Iterators and Algorithms: Insert Iterator Adapters

This week I have had a look at two nice types of iterators: the move iterators and the insert iterators. Their main use seems to be related to STL algorithms.

Problem: Copy a std::vector into another

Let’s suppose that we have a vector of the usual int type, that we fill diligently with an initializer list. After a few lines of code, we want to copy its elements into another vector. Our vanilla try will be:

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vector<int> v1({1,2,3,4,5,6,7,8,9,10});
vector<int> v2(v1);

This is OK, because the constructor of v2 is invoked in order to copy every element of v1. Let’s complicate matters, and say we only want the odd elements of v1 to be used to initialize v2. We have a look at our reference card for STL algorithms (when will I prepare one?), and notice the presence of the copy_if algorithm, which works like this (extracted from my GNU standard library headers):

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template<typename _InputIterator, typename _OutputIterator,
typename _Predicate>
_OutputIterator
copy_if(_InputIterator __first, _InputIterator __last,
_OutputIterator __result, _Predicate __pred)

It takes an input range (__first, __last), and an iterator to the beginning of the result container, plus a predicate to select the elements. One innocent way of using it would be:

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vector<int> v1({1,2,3,4,5,6,7,8,9,10});
vector<int> v2;
copy_if(v1.begin(), v1.end(), v1.begin(),
[](int n) { return n%2 != 0; });

Which is cute, actually. Only problem is, that if now you try to run your program, it will segfault without a blink. And why is that? Simply because the iterator returned by v2.begin() behaves like a null pointer:

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(gdb) p v2
$2 = {<std::_Vector_base<int, std::allocator<int> >> = {
_M_impl = {<std::allocator<int>> = {<__gnu_cxx::new_allocator<int>> = {<No data fields>}, <No data fields>}, _M_start = 0x0, _M_finish = 0x0,
_M_end_of_storage = 0x0}}, <No data fields>}
(gdb) p v2.begin()
$3 = {_M_current = 0x0}

This you can check by running a test like

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if (v2.begin() == v2.end()) {
// Problem: v2 is empty
...
}

or equivalently, checking for v2‘s size().

Insert iterator adapters

This is where the insert iterator comes in handy. The problem is that the copy_if algorithm is not supposed to insert new elements in an empty container. What we need is an insert iterator adapter. They come in three flavors:

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template<typename _Container>
class insert_iterator
: public iterator<output_iterator_tag, void, void, void, void>

template<typename _Container>
class back_insert_iterator
: public iterator<output_iterator_tag, void, void, void, void>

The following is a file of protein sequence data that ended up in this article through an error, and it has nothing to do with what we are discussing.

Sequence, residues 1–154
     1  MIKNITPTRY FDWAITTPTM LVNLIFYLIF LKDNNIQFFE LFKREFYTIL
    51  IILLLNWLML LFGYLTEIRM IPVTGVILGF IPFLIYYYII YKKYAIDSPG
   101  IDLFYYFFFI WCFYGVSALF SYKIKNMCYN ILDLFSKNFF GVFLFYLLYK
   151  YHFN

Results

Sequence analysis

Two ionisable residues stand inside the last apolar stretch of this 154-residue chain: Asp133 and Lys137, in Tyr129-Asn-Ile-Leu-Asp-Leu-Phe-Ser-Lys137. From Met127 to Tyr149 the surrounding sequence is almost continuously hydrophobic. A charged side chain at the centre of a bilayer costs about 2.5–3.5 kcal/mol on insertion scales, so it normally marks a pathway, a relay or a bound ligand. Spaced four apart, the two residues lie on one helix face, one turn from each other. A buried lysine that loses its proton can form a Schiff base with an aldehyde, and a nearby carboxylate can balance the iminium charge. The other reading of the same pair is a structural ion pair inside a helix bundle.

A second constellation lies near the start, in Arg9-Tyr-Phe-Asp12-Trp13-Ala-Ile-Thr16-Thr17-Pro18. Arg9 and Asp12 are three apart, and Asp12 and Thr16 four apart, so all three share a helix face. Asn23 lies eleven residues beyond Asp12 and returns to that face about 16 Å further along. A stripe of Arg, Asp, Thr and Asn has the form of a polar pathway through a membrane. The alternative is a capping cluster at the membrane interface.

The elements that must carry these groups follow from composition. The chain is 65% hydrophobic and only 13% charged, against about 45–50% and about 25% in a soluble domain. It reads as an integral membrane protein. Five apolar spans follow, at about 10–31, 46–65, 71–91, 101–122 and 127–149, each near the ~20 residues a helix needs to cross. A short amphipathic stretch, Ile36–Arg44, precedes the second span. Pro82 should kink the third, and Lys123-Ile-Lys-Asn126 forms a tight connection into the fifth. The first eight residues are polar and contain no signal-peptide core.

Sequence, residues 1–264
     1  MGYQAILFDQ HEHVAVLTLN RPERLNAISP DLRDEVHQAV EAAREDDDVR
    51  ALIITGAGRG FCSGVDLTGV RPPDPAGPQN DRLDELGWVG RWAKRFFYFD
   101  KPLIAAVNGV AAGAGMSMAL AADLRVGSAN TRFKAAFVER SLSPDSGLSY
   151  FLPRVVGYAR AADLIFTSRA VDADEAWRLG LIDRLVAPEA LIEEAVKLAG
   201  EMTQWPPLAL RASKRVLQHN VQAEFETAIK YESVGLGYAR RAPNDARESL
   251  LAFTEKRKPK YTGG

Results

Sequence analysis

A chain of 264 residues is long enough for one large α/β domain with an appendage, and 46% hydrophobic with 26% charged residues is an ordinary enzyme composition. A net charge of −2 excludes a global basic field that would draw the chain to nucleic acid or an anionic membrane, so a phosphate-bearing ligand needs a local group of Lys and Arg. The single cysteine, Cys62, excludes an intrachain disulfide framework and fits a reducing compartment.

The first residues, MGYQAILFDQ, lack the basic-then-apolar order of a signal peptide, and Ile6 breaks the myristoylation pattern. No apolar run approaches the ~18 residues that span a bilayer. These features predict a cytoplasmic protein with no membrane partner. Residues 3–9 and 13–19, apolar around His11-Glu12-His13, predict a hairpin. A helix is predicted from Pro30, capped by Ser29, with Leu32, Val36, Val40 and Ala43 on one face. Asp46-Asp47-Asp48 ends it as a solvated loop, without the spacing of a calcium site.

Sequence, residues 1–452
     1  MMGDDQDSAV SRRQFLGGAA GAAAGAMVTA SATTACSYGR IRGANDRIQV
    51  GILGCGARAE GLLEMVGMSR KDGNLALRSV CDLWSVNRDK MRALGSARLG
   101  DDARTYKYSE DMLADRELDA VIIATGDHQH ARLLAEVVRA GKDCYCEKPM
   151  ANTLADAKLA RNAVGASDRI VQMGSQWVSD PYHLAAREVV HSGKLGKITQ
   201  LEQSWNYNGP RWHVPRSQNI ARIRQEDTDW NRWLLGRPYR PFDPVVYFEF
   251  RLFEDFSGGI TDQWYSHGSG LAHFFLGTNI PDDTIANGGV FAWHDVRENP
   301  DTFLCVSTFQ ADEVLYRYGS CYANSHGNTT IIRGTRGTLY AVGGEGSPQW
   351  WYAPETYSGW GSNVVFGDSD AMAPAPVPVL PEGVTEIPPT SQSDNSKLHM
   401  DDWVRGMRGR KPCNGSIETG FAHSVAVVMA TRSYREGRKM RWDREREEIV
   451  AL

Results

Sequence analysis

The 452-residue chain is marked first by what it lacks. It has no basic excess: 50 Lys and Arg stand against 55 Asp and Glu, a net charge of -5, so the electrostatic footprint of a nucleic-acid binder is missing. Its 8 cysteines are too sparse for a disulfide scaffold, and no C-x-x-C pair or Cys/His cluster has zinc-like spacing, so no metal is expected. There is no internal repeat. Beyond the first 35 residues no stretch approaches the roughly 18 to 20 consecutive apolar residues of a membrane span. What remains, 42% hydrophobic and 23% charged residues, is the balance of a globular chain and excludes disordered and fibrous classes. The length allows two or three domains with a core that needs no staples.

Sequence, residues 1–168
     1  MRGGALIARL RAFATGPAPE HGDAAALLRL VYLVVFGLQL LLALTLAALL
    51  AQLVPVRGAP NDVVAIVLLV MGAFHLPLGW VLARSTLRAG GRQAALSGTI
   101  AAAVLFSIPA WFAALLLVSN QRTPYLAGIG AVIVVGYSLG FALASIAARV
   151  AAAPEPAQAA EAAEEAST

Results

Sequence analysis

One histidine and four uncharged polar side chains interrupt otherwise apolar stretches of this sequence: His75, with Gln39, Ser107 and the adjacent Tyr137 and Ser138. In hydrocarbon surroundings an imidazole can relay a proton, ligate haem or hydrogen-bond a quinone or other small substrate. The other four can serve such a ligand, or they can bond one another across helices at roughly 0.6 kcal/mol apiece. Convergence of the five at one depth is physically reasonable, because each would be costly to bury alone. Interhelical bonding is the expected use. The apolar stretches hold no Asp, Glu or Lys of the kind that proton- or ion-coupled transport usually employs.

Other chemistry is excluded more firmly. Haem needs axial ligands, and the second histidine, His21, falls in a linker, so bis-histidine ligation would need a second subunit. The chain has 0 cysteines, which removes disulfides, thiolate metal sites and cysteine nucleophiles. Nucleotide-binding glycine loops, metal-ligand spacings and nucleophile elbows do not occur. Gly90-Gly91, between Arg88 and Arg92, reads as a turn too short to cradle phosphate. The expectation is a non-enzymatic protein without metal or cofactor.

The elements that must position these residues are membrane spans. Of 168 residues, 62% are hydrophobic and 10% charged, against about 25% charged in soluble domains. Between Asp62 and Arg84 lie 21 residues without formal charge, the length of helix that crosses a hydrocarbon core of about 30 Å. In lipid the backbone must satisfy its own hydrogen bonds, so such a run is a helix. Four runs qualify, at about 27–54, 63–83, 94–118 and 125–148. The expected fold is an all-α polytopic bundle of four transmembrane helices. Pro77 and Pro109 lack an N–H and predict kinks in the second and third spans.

template<typename _Container>
class front_insert_iterator
: public iterator<output_iterator_tag, void, void, void, void>

As you see, all of them are derived from the standard iterator with traits of an output_iterator_tag. I find it useful to show the hierarchy of iterators, described also in Stroustrup:

Input/Output <- Forward <- Bidirectional <- Random access

This means that the adapters provide the basic operator features, dereference with assignment (*p=) and increment by one (++p).

Their use can be summarized as follows:

An insert iterator adapter, defined on a container, calls the
appropriate insertion method on the container when it is assigned.

The back_insert_iterator

Look at the definition of the back_insert_iterator‘s operator=() in my system’s STL implementation:

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back_insert_iterator&
operator=(const typename _Container::value_type& __value) {
container->push_back(__value);
return *this;
}

back_insert_iterator&
operator=(typename _Container::value_type&& __value) {
container->push_back(std::move(__value));
return *this;
}

This means that we can have code that does the following:

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vector<int> v1({1,2,3,4,5,6,7,8,9,10});
back_insert_iterator<vector<int>> b(v1);
b = 11;

We have just added an element to v1. Now let’s get back at our original example:

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vector<int> v1({1,2,3,4,5,6,7,8,9,10});
vector<int> v2;
/*
* The right way.
*/
back_insert_iterator<vector<int>> inserter(v2);
copy_if(v1.begin(), v1.end(), inserter, [](int n){return n%2 != 0; });

/*
* Variation. Use a back_inserter.
*/
copy_if(v1.begin(), v1.end(), back_inserter(v2), [](int n){return n%2 != 0; });

As you can see on line 12 of the snippet above, we can also use an function called back_inserter, which returns a back_insert_iterator defined on the type of the argument passed.

Summary

In this post, I have written about my experiments with insert iterator adapters, which are useful classes offered by the STL that can be used to provide an insertion interface for STL containers. I have started with the problem of using STL algorithms with containers, and shown how to solve it using these standard C++ classes.